I never got discouraged and continued to work as if I had the most successful business, selling very little and only to people I knew, giving away many of my products when the situation called for it. We finally decided to form a partnership with someone who would help me create a virtual store and promote it. This project was started very recently but we are happy to reach people who have a clear understanding of what it means to buy something completely handmade.
What would you say is valuable about items made by hand?
When it comes to my handmade items, I think people are buying something that is absolutely unique. That’s the reason why I do not like to work on demand/ commission; I do not like repeating myself and even when I try it, the item comes out very similar to the original but never identical. I enjoy letting an idea come from my mind and develop into a product using the medium that feels right and then selling that item to customers rather than taking customer requests. Crochet allows me a little more uniformity when I want to create similar pieces, but it’s never the same at all with painting; even the two sides of the same cup or mug are never identical.
Since we are talking about art, who are some of your favorite artists?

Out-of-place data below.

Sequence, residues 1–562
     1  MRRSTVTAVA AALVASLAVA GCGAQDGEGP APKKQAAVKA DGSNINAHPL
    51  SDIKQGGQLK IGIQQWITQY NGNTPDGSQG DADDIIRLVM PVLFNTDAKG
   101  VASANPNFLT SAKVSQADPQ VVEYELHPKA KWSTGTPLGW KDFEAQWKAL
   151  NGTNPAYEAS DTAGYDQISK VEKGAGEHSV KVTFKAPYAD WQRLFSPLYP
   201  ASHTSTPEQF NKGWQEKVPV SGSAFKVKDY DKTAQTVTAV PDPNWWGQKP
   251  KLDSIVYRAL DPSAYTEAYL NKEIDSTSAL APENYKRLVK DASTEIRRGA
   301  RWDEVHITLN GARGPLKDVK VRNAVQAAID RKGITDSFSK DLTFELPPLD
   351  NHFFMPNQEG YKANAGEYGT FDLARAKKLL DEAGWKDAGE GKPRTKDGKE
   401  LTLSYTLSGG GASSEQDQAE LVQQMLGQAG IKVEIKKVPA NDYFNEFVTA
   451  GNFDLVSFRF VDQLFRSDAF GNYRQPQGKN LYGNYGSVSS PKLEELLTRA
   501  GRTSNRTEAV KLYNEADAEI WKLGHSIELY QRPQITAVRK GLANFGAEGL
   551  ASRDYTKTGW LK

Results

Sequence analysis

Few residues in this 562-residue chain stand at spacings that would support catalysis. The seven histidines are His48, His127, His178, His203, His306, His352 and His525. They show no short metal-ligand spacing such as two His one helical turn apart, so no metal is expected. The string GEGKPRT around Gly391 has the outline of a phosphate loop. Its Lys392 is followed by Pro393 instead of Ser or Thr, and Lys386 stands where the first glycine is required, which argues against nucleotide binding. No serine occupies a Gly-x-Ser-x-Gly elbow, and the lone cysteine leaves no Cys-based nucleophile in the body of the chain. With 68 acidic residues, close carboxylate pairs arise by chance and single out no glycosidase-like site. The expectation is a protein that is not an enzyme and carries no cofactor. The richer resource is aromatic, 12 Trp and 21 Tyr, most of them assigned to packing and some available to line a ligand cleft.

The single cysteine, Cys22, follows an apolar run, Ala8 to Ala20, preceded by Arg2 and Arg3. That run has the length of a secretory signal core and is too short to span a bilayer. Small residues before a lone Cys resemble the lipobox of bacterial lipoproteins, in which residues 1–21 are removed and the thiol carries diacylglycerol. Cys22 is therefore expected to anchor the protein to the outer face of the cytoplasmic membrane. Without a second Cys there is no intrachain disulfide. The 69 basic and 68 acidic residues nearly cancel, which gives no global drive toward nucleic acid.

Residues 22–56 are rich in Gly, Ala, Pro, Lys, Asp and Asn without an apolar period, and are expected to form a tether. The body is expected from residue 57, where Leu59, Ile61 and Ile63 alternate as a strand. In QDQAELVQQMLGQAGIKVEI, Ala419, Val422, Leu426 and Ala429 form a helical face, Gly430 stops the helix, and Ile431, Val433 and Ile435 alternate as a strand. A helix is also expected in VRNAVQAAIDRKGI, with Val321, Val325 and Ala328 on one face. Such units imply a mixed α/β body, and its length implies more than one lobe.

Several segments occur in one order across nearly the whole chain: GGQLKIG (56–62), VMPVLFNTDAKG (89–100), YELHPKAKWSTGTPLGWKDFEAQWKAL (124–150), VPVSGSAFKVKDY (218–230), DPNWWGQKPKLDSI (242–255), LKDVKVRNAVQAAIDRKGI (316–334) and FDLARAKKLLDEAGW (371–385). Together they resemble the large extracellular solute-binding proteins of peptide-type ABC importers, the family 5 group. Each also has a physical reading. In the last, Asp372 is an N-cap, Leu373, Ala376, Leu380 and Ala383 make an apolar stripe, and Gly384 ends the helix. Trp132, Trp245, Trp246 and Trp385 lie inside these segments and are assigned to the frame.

I have many artists that I greatly admire. Some are part of the history of art such as El Greco, Velazquez, Monet, Degas, Raphael, Da Vinci, Bouguereau. Sometimes they inspire me and sometimes they discourage me they have that artistic stature that seems unreachable. Others that I like are lesser known, but I admire the talent of so many people that I cannot compose a list.
What else should we know about you?
A few years ago I had a great story of pain and conversion that led me to find a solid faith. During that period of renewal of my soul I became a more serene person. The beautiful thing is that through it the creating process gained more strength and more color, it made more sense.
The faith that I profess is love, beauty, order, light, harmony and much peace. So today every piece that I create carries within my desires (which is definitely a prayer) that all of those things will be received by whoever purchases an item that I’ve created.
So that when you contemplate a piece, or when you wear it, you can perceive the love that is contained in it and it will carry on the good feelings as well as joy and peace. Someone told me recently that the more she looks at the picture she got from me, the more she likes it; it is therefore very possible that my wish may come true.